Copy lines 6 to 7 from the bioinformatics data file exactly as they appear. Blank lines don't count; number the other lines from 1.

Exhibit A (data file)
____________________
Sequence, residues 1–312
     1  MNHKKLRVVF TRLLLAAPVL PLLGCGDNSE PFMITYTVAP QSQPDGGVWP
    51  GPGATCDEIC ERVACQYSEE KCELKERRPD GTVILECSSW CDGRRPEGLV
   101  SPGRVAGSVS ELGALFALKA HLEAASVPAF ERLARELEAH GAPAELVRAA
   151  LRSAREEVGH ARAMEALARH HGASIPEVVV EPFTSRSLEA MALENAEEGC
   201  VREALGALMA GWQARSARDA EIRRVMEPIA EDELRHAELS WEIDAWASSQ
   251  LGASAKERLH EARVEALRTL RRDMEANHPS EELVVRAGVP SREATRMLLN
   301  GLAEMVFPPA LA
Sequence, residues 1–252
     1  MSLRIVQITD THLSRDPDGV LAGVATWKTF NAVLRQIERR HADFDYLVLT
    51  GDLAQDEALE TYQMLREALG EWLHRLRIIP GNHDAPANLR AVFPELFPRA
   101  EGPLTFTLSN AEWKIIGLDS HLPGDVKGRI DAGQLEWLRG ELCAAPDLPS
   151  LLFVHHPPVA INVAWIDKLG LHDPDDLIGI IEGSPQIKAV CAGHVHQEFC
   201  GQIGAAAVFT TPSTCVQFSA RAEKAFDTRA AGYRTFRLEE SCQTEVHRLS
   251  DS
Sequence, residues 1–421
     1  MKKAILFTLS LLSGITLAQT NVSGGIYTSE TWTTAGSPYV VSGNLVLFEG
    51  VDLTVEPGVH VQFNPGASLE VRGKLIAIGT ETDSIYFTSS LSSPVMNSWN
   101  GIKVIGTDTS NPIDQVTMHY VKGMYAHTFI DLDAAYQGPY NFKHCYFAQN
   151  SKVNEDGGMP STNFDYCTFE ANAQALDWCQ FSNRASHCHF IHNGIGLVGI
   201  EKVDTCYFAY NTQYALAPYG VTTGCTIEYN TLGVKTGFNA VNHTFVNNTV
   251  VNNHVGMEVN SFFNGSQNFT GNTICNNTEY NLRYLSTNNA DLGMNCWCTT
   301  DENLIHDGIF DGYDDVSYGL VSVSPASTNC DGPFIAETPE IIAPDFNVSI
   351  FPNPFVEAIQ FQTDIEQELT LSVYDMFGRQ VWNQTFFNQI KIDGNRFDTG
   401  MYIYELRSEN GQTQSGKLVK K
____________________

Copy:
   201  VREALGALMA GWQARSARDA EIRRVMEPIA EDELRHAELS WEIDAWASSQ
   251  LGASAKERLH EARVEALRTL RRDMEANHPS EELVVRAGVP SREATRMLLN